Samir Ibrahim didn’t have a singular “aha” moment that led him to his multimillion-dollar business and a crusade to fight climate change 8,000 miles from his home in Orlando.
It’s been 10 years since Ibrahim and his co-founder Charles Nichols launched SunCulture, a start-up headquartered in Nairobi, Kenya that helps farmers grow food without relying on rainfall by using solar-powered irrigation systems instead.
SunCulture was born out of conversations Ibrahim and Nichols had about the growing threat of climate change while they were college students at New York University and Baruch College, respectively. After learning more about the rising popularity of off-grid solar technology, they decided to build a solar power system that could help small farmers.
“We learned that climate change is creating more food insecurity across the world, and one of the largest groups of people living in poverty is smallholder farmers,” Ibrahim tells CNBC Make It. “Climate change is making the rain more unpredictable and unreliable, so farmers are losing crops all the time.”
He continues: “We also realized that if smaller farms weren’t growing enough crops, we wouldn’t have enough food to feed the world in the next few decades – so we started to think about how to solve that problem.”
They decided to craft their business plan around sub-Saharan Africa, which has a large portion of the world’s unused farmable land, and where about 60% of the population are smallholder farmers, according to McKinsey & Company. While there’s sufficient groundwater to power these operations, most farmers don’t have the economic resources to pump it, Ibrahim says.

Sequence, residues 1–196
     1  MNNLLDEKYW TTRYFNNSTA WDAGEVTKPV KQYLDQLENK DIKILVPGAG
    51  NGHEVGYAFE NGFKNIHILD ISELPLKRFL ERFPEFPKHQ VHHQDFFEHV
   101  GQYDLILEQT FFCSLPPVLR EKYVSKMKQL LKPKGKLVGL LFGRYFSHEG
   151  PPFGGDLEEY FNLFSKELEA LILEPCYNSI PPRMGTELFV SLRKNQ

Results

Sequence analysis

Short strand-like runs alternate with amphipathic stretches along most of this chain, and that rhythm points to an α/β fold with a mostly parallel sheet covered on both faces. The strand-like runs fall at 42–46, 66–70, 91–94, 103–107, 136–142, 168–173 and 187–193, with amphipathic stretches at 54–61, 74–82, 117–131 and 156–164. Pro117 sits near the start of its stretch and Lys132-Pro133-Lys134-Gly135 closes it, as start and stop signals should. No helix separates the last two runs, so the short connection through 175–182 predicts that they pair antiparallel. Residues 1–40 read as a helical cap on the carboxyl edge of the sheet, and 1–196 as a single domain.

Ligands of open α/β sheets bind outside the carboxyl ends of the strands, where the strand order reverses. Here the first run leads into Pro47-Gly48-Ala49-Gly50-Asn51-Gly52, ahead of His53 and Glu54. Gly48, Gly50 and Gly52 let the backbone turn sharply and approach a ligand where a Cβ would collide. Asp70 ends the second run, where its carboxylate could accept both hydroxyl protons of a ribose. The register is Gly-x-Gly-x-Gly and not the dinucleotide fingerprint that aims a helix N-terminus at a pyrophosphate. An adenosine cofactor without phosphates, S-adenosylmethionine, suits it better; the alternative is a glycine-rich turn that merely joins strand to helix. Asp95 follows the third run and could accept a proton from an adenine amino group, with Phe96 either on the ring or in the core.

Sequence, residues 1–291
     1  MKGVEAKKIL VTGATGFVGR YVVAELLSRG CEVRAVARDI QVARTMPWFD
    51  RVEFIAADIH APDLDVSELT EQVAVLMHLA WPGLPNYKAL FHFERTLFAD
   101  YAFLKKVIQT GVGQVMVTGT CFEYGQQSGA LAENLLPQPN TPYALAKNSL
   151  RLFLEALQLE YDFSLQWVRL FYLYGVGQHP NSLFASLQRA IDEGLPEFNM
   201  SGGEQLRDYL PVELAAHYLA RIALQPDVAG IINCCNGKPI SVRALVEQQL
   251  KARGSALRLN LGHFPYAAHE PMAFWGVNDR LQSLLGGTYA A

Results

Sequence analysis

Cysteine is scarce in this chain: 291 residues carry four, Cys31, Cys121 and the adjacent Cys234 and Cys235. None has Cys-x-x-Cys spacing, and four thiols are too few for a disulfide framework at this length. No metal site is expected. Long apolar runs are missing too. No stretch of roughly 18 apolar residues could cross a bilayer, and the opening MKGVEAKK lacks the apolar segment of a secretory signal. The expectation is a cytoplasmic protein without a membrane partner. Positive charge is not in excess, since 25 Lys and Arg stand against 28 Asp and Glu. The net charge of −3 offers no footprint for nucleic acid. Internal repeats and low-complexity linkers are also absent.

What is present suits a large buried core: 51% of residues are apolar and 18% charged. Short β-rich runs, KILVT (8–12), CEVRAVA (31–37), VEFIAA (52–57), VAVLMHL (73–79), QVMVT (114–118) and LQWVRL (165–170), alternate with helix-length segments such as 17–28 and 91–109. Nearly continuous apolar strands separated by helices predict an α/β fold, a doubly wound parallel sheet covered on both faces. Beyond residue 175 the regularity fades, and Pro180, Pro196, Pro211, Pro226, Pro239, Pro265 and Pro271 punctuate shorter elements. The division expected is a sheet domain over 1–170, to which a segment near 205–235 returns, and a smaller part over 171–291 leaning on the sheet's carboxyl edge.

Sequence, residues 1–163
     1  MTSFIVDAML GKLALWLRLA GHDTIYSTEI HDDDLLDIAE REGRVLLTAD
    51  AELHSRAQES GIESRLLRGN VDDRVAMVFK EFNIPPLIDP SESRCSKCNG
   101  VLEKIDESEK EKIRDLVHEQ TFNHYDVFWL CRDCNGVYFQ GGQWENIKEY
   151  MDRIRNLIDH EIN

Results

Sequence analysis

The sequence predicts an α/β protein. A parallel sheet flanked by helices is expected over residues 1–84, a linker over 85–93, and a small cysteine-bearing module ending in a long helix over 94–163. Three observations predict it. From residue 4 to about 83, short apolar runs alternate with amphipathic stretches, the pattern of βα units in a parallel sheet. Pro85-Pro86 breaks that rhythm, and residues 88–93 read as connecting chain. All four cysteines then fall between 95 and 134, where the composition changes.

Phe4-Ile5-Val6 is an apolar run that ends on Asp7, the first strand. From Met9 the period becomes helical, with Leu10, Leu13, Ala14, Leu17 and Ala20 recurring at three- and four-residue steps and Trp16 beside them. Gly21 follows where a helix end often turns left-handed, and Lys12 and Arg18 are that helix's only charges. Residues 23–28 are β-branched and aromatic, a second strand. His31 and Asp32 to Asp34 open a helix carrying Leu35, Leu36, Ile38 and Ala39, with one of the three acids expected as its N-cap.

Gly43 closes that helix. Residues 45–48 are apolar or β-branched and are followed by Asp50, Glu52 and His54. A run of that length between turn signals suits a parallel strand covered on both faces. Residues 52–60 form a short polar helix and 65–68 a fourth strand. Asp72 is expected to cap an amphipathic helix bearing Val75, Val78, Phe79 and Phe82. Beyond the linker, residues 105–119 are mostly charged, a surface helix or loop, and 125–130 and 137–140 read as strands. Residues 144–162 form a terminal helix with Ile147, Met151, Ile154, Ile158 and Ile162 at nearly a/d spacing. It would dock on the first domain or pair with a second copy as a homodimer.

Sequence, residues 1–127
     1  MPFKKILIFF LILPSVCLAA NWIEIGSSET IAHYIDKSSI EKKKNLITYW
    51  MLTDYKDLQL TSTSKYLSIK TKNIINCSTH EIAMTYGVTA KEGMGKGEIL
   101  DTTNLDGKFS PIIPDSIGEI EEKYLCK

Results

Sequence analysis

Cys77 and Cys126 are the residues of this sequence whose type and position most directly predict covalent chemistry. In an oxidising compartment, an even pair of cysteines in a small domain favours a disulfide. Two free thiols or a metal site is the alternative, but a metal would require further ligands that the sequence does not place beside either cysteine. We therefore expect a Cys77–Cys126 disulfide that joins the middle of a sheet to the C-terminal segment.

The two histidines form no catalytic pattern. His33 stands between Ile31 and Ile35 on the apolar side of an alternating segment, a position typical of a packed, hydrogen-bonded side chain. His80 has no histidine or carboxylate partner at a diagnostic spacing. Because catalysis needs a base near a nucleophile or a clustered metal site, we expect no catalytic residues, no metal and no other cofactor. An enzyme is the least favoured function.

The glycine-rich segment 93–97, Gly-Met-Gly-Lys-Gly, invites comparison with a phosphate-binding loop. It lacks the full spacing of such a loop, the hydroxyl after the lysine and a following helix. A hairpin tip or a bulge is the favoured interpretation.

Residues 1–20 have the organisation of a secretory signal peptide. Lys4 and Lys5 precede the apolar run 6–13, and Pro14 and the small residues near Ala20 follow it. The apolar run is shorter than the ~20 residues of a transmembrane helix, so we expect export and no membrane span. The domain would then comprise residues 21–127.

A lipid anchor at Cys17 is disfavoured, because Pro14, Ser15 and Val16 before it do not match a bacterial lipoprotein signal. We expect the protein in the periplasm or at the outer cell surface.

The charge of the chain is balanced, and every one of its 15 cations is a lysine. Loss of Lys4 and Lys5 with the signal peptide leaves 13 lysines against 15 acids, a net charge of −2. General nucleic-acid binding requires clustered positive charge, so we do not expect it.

Ibrahim and Nichols submitted their idea to a business plan-competition at NYU and came in second place – by the end of 2012, they booked one-way tickets to Kenya to make SunCulture a reality.
Ibrahim and Nichols chose Kenya because they had family and friends in the region. Their small apartment in Nairobi doubled as a “warehouse, home and office,” Ibrahim says.
To start, the pair used about $5,000 of their personal money to research and develop their solar irrigation system, then borrowed an additional $200,000 from friends and family to build more prototypes – a loan that they stretched to sustain SunCulture for about two and a half years.
By 2018, SunCulture had raised over $4 million from the United States Agency for International Development (USAID), the EDF Group and other high-profile investors. Nichols left SunCulture last year to join Celo, a blockchain start-up in San Francisco, while Ibrahim has stayed on as CEO. As of April, SunCulture has raised about $40 million, raising about $26 million between 2020 and 2021 alone.
How solar irrigation works
While SunCulture has made minor tweaks to its solar irrigation system throughout the years, its basic structure has remained the same: A solar panel is installed on the roof of a farmer’s house and connected to a battery inside the house – that battery is plugged into a water pump, which moves water into a farmer’s irrigation system that can cover up to 3 acres.
On a sunny day, a farmer should have enough power in the battery to run their water pump for about eight hours, run the lights in their house at night, watch TV and charge multiple devices.
Diesel and petrol pumps are the “go-to sources” to power small, older farms in Africa, Ibrahim says. Such pumps emit carbon dioxide, and the fuel costs for one pump ranges from $40-$80 per acre monthly (the …….